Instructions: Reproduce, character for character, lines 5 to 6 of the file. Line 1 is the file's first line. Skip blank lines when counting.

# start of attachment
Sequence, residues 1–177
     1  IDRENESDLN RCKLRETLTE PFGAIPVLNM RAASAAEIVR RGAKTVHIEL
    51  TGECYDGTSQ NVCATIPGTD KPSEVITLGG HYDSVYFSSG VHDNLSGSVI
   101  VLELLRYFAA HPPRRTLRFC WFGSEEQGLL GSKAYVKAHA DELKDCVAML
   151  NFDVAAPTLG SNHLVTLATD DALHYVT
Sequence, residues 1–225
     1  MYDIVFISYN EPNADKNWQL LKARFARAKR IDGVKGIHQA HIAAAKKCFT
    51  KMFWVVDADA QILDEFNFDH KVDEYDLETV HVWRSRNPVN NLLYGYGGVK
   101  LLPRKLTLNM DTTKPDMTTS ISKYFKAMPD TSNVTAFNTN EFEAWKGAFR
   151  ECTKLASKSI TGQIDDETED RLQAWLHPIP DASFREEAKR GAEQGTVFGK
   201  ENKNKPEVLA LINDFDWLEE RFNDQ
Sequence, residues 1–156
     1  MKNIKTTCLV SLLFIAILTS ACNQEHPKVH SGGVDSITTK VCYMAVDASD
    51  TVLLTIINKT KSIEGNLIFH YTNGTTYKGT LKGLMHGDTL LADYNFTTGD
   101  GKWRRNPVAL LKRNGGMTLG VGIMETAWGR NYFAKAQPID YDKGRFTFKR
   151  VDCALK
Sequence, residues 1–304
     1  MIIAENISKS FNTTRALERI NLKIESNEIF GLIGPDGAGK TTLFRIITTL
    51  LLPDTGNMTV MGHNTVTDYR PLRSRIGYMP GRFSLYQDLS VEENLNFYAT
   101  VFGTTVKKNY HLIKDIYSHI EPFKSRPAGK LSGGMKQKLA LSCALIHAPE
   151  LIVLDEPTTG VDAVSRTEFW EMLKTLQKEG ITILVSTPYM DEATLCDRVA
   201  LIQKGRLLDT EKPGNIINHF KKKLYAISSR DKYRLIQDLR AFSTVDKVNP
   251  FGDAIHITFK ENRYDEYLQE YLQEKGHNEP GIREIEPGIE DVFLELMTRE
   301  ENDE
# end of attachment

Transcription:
   151  NFDVAAPTLG SNHLVTLATD DALHYVT
Sequence, residues 1–225